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‘Oil deal not good for Barbados’


Mike King

‘Oil deal not good for Barbados’

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The PetroCaribe oil agreement isn’t cutting it.
 That’s according to former Cabinet Minister Clyde Griffith and University lecturer Kai-Ann Skeete.
Speaking on the topic The Impact Of PetroCaribe On Caribbean Development before a standing room only audience at the Walcott Warner Theatre of the Errol Barrow Centre For Creative Imagination at the University of the West Indies Cave Hill Campus, both took issue with the Venezuelan agreement on energy cooperation, with Griffith going as far as stating that Barbados should not sign on to the deal where a country can pay as much as 70 per cent of its petroleum bill by bartering goods and services to Venezuela.
Skeete, a lecturer in the Master of Science Integration Studies Department of Government Sociology &?Social Work, said signing out for Barbados could have a negative impact on the local private sector but she did not elaborate.
She felt that the regional private sector had a vital role to play in the development of the region and, more so, the CARICOM Single Market &?Economy (CSME).
Skeete said that PetroCaribe’s oil is neither cheaper nor offered at discounted prices “rather it has been made easier to be bought”.
She said there was the possibility that the agreement would benefit only electricity corporations in some countries.
In a highly charged panel discussion, their views contrasted with those of attorney at law David Comissiong and political analyst Peter Wickham.
A passionate Comissiong hailed the agreement as a forward-looking programme and a major hemisphere-wide integration initiative that Barbados was missing out on, while Wickham took a more centrist stance but was of the view that the PetroCaribe agreement was nothing to be feared.
Griffith, a Cabinet Minister in the Tom Adams-led administration between 1981 and 1985, said he didn’t support PetroCaribe then and has not seen anything now to change his mind.
“When I look back then at the kind of interest where you have 60 per cent that you could pay for a consumerable commodity, oil, and postpone 40 per cent with interest payments, when we calculated, the former minister of Energy at the time and I worked out what it would cost Barbados – by now, we would be faced with $2.4 billion in interest commitments.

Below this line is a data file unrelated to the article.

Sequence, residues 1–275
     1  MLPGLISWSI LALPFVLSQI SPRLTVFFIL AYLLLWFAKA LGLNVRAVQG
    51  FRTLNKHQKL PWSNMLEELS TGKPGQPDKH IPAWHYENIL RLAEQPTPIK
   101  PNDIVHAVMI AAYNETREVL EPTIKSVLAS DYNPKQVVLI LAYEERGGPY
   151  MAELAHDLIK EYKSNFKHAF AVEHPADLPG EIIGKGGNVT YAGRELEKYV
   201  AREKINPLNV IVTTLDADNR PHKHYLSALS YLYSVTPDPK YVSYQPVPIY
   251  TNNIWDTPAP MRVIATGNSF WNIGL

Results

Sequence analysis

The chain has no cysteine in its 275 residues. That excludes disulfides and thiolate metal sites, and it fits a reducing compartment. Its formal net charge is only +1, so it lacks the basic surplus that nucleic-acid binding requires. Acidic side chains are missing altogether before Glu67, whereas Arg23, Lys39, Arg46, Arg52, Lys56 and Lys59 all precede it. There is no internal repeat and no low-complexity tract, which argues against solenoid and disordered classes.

“I can understand why the smaller countries in the Caribbean would want to have this kind of benefit where [they don’t] have to pay 100 per cent on delivery because most of those countries have serious foreign exchange issues.
“I don’t believe that . . . Barbados should be looking at participating in PetroCaribe as an oil deal. In the first place, we have a stronger foreign exchange position than most of those countries and we can right now afford to pay for our oil imports,” he said.
Griffith, executive director of the Barbados Renewable Energy Association, said the focus should be on a renewable energy platform.
Comissiong said that any right-thinking person could see there were tremendous benefits in becoming part of the PetroCaribe economic zone. That Venezuela was willing to share its precious petroleum resource with all of the countries in the Central America and Caribbean area “in a way in which it guarantees the development of our countries is remarkable and is something that we would want to see replicated right arcoss the world”. he said.
Venezuela’s Ambassador to Barbados Jose Gomez Febres and general manager of PetroCaribe, Luis Rivas, indicated that Barbados was missing out on housing, environmental and agricultural benefits by not signing on to the PetroCaribe oil agreement.
Rivas, like Comissiong, expressed the view that Barbados should join the list of 18 Caribbean states that have signed the deal with Venezuela to purchase oil at preferential prices.
Former Prime Minister Owen Arthur had made it clear that if the Barbados Labour Party (BLP) was returned to office in the recent general election, he would have signed on.

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